Thanks to the recent fall in inflation, you can now lock your money away into bonds for half the time and still beat rising prices.
Just a few months ago, any savers interested in fixed-rate bonds would have needed to lock away their cash for a minimum of three years to match the rising cost of living.
Now, thanks to a combination of lower inflation and slightly higher bond rates, it is possible to beat inflation by investing your cash for just 18 months.
The annual rate of inflation fell to 1.6% in March, it was revealed yesterday, down from 1.7% in February.
This marks the lowest rate for four years, and the first time that inflation has fallen for six consecutive months since the index began in 1997.
It means that – all else remaining equal – standard rate taxpayers would need to earn 2% on their savings to match inflation.
So, for anyone looking to invest £5,000 or more, Shawbrook Bank’s 18-month bond offers an inflation-busting 2.05% (1.64% net).
Those with less to invest may be interested in the 18-month bond from the Islamic Bank of Britain (IBB), which offers fractionally less at 2.02% with a smaller minimum deposit of £1,000.
Two-year deals are also looking healthier at the moment. Close Brothers Savings have recently launched a new 2.40% bond (1.91% net) for deposits of £10,000 or more. Shawbrook Bank is strong here too, offering 2.30% (1.84% net) on deposits of at least £5,000.
Those with less to invest will find themselves disappointed, however.
United Trust Bank, Britannia, and ICICI Bank offer the highest rates available at two years for lower deposit levels (2.05%), but returns on these accounts will only just nudge above inflation – and that’s if it remains at its current low level.
Fixed-Rate Bonds or ISAs?
In past years, it’s always been worth promoting bonds as an alternative.
The tax-free cash ISA limit was limited to a few thousand pounds, and bonds offered attractive rates that make it worth locking funds away for a few years at a time.
The table have since turned, however. The cash ISA limit allowance is rising to £15,000 per year from July, which means that the majority of savers will probably not need to look elsewhere if they find the right tax-free account.
But banks and building society are still offering pretty poor returns on ISAs. The best instant access ISA, at 1.75%, is available through the Stafford Railway Building Society, but inbound transfers are not permitted.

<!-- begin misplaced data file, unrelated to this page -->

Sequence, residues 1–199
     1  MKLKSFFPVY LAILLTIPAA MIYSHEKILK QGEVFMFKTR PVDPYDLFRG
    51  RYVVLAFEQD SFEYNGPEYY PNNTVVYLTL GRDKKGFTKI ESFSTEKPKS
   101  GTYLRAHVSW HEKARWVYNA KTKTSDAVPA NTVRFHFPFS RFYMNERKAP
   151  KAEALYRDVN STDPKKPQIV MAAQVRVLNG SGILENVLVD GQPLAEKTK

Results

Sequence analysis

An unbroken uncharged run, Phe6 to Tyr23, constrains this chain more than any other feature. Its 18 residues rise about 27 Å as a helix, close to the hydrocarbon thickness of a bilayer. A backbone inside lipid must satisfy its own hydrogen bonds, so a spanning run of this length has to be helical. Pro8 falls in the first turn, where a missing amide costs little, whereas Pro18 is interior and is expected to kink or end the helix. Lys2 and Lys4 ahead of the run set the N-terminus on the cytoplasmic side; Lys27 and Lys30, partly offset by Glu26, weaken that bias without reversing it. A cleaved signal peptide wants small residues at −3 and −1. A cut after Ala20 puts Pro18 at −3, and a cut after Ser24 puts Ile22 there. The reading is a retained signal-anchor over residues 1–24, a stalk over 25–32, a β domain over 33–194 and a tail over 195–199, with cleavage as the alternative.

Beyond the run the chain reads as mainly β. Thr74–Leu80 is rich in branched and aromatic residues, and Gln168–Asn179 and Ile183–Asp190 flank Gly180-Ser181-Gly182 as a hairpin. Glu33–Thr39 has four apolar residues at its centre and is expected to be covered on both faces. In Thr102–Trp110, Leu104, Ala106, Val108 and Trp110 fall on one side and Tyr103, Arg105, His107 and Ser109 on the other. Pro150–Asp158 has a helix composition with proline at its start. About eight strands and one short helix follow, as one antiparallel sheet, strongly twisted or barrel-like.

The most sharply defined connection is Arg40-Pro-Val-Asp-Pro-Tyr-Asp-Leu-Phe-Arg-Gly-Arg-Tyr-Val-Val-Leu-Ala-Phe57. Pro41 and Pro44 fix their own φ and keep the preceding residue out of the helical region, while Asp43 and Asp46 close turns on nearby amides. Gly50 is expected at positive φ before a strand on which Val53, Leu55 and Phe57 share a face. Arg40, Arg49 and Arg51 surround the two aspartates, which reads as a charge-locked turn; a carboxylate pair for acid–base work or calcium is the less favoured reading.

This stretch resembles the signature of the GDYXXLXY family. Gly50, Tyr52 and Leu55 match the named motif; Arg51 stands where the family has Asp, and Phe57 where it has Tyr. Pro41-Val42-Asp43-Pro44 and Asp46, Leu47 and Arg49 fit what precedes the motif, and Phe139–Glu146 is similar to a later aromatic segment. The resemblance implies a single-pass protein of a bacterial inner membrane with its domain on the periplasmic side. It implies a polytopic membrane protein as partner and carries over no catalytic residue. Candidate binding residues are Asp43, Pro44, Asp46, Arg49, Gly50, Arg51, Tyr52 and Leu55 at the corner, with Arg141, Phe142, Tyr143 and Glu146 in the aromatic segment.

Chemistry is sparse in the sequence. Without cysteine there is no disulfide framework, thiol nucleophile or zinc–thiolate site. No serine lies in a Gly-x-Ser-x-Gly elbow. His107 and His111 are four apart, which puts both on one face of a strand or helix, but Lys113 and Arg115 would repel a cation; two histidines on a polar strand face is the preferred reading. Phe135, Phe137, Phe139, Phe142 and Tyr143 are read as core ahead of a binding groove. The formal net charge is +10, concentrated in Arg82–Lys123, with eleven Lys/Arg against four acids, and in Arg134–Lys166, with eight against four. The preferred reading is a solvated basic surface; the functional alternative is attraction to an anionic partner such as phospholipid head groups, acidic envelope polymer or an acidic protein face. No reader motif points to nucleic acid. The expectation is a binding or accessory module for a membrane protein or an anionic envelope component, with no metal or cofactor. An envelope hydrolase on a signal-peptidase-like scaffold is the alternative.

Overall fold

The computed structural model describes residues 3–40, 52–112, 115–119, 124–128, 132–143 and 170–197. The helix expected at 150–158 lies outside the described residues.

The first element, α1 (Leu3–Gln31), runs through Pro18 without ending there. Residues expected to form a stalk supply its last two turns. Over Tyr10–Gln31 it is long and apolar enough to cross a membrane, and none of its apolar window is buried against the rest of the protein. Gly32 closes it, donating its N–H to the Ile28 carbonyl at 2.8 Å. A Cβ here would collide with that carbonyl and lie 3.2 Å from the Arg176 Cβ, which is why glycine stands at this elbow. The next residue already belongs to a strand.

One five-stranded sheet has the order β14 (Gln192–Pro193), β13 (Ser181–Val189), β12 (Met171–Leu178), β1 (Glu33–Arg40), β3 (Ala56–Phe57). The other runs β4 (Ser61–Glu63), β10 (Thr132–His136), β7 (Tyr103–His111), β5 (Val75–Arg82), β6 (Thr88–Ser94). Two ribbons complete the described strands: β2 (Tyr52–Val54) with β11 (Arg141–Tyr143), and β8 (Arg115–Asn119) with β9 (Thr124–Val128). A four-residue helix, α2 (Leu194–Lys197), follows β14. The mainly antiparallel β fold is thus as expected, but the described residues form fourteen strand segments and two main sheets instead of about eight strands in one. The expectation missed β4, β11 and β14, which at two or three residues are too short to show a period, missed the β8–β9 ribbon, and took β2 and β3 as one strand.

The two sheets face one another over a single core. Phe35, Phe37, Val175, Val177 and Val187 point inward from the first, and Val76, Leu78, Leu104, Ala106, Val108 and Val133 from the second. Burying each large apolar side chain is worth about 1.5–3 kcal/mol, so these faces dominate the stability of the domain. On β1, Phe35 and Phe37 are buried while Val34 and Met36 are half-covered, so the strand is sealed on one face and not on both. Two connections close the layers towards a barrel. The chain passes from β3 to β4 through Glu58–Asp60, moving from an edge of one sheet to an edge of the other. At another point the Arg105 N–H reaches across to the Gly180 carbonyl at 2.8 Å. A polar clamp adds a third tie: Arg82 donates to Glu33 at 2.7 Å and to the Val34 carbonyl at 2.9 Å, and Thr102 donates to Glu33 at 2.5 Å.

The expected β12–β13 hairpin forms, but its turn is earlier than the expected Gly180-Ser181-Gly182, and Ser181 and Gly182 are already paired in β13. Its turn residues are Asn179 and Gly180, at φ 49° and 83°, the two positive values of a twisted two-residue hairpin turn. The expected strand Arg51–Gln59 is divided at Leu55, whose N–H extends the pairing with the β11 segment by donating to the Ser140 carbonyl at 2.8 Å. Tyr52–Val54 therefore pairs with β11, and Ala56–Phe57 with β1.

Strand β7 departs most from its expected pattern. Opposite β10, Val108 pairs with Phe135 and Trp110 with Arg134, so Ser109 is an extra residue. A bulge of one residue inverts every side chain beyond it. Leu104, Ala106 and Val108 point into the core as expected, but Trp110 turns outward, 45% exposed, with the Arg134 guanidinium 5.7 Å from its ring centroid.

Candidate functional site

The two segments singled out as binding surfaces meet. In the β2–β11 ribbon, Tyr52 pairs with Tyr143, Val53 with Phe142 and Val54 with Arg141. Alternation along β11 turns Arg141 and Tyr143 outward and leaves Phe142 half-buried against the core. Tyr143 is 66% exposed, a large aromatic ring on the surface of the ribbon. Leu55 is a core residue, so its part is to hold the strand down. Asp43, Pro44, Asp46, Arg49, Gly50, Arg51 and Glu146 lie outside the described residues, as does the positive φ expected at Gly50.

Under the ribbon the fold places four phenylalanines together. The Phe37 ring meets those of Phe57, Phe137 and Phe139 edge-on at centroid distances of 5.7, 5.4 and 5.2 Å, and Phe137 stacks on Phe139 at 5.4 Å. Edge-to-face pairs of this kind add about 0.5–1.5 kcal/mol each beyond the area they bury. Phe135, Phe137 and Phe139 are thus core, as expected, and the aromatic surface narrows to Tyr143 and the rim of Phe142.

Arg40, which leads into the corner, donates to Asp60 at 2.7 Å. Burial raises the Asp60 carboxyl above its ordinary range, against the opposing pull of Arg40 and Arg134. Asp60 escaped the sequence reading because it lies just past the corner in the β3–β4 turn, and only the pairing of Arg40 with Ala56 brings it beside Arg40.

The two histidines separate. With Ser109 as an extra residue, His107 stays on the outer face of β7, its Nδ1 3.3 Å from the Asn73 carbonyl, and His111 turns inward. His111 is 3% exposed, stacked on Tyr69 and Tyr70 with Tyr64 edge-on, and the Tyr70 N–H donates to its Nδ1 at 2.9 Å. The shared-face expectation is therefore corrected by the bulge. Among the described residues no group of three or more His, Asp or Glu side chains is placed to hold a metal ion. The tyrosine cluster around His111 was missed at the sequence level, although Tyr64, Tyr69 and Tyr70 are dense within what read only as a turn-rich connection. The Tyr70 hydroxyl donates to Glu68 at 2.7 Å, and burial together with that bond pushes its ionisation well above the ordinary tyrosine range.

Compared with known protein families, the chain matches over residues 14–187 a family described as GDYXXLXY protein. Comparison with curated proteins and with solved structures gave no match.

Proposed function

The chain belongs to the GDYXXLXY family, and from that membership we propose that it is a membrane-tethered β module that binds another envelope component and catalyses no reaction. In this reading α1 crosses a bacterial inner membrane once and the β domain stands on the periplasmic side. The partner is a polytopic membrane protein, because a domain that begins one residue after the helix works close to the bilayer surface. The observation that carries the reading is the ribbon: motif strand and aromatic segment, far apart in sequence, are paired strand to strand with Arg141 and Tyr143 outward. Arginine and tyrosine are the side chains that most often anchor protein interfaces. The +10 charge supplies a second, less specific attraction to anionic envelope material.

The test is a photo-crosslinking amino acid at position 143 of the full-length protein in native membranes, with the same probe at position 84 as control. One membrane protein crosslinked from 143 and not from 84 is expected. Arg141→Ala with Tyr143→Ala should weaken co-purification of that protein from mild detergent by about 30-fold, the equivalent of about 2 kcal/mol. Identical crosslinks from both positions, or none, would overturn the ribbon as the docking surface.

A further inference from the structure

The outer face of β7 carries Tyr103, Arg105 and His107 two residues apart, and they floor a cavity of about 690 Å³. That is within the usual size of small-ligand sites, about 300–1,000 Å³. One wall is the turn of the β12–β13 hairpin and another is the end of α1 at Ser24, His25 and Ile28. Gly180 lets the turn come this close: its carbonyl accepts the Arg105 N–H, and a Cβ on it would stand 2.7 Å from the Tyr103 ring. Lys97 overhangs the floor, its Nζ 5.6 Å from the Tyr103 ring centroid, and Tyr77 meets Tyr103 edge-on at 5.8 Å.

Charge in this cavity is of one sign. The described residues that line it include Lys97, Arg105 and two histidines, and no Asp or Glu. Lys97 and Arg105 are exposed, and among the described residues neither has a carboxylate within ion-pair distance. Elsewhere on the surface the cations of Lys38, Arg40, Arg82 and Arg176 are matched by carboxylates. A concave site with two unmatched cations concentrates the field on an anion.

A 45-day notice ISA from National Counties at 1.75% does allow inbound transfers, but customers will need to add (or transfer) at least £5,000 to qualify.
And locking funds into a fixed-rate ISA offers little more. The best options here are an 18-month ISA bond with Halifax, which offers 2%, and a two-year ISA with Santander, which offers 2.30% to existing 123 current account or credit card customers.
Elsewhere, new Regular Saver ISA products from Nationwide and the Saffron Building Society offer 2.50% and 4% respectively – though Nationwide’s ISA offers more flexibility for savers to fulfil their new £15,000 allowance.
Hence, it may be worth building towards the higher tax free allowance if there is no interest incentive to lock into bonds instead. Bonds always remain an option if rates improve to reflect the commitment of locking funds away.
Current Accounts? Try TSB's 5% Plus Account
But for those with around £2,000 looking for the best interest returns, the TSB Classic Plus current account might be a good solution.
If you’re able to deposit £500 a month into the account, TSB’s new Plus account offers 5% with no artificial bonus rate. You don't have to switch your direct debits and you’ll get a hefty 4% net interest and retain full access to your cash.
Then, next March, you’ll be able to throw your funds into an ISA – regulations permitting – and boost your tax-free nest egg as well.
And even if inflation returns to the Bank of England’s 2% target in the months to come, the TSB account looks like it will remain far above this for some time to come.